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Control Flow Within For Loops in Typescript

In TypeScript, for loops allow developers to write concise and controlled iterations. By using break and continue statements, it’s possible to manage the flow of these loops effectively.

Using Break to Terminate Loops

The break statement exits the loop before it completes all iterations. This is useful when a certain condition is met, and continuing the loop is unnecessary. For instance, finding a particular value in an array:

let numbers = [1, 2, 3, 4, 5];
for (let i = 0; i < numbers.length; i++) {
  if (numbers[i] === 3) {
    console.log("Found 3 at index", i);
    break; // Exit the loop when value is found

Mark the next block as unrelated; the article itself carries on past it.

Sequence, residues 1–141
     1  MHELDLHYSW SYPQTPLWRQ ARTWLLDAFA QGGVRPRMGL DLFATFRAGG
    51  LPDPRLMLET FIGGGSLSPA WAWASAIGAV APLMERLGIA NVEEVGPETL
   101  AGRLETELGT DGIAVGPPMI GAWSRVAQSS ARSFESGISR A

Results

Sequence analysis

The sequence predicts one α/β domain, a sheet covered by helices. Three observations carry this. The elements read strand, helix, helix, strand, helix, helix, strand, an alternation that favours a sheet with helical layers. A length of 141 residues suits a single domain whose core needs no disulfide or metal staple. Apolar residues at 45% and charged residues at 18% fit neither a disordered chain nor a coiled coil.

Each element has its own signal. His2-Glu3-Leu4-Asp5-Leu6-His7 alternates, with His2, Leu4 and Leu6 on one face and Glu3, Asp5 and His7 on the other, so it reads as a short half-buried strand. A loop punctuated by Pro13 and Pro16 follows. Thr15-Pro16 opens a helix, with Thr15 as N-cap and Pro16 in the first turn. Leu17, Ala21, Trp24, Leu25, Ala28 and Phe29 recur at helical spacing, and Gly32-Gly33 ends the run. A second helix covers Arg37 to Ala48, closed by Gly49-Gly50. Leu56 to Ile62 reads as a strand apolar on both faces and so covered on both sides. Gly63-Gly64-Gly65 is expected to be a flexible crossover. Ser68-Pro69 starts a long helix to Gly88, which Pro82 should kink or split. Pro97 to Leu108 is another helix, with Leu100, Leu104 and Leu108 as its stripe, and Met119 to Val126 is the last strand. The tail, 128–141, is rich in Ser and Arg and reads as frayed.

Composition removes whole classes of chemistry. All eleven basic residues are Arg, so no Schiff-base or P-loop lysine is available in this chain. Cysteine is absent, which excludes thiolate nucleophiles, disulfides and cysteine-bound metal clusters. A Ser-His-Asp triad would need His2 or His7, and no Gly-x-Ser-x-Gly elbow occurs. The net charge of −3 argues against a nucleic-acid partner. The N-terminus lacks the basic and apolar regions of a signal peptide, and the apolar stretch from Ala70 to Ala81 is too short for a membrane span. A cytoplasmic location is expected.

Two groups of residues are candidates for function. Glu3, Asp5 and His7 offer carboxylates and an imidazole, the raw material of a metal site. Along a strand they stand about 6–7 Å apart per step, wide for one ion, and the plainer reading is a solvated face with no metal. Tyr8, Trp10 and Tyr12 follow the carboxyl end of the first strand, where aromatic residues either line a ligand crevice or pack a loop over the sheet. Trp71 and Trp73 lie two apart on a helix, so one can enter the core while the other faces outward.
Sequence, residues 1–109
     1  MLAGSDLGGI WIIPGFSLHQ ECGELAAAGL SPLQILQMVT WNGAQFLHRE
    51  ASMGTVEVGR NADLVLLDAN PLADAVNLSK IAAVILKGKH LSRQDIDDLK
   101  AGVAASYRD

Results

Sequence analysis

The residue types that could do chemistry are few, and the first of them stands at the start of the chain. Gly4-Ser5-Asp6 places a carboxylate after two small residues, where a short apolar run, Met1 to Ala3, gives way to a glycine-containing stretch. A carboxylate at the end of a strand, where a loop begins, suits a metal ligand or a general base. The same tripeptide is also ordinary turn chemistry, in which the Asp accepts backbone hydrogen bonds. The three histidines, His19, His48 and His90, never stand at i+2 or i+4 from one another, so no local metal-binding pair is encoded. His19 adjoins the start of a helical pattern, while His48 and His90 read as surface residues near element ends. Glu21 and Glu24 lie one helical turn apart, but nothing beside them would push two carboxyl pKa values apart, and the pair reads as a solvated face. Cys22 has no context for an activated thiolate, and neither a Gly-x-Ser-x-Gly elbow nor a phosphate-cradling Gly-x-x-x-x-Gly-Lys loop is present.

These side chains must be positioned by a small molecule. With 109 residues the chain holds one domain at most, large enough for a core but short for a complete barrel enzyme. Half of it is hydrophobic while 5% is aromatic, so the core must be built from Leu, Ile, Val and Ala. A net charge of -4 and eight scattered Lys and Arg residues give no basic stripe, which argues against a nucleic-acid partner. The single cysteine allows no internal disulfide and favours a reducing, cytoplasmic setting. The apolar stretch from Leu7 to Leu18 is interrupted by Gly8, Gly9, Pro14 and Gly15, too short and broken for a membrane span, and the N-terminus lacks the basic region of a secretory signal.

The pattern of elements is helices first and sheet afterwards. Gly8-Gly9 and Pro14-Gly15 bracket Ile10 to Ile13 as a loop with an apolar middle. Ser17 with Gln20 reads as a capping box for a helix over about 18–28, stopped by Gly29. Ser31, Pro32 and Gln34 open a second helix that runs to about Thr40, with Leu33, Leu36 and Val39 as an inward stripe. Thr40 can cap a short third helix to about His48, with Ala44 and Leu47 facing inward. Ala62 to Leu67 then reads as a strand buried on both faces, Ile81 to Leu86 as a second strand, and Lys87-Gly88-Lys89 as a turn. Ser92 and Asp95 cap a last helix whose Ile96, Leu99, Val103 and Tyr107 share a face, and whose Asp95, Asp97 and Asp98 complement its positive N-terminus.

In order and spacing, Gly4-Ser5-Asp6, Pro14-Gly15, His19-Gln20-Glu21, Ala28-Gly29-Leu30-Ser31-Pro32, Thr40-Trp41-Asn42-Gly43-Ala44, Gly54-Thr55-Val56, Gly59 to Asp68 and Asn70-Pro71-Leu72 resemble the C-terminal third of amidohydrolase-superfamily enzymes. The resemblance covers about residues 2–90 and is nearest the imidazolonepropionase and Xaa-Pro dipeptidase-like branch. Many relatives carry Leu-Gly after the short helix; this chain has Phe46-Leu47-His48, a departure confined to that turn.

}
}

Here, the break stops the loop once it finds the number 3, preventing further iterations. This can enhance performance by reducing the number of unnecessary checks.

Using Continue for Skipping Iterations

The continue statement skips the current iteration and proceeds with the next one. This statement is useful for skipping specific values or conditions:

let numbers = [1, 2, 3, 4, 5];
for (let i = 0; i < numbers.length; i++) {
  if (numbers[i] % 2 === 0) {
    continue; // Skip even numbers
  }
  console.log("Odd number:", numbers[i]);
}

In this example, continue skips any even number, ensuring that the console.log statement only runs for odd numbers.

Typescript For Loop Examples and Patterns

For loops in TypeScript are essential for iterating over arrays, lists, and other collections. Let’s look at some examples of how to use TypeScript for loops.

Looping with Indexes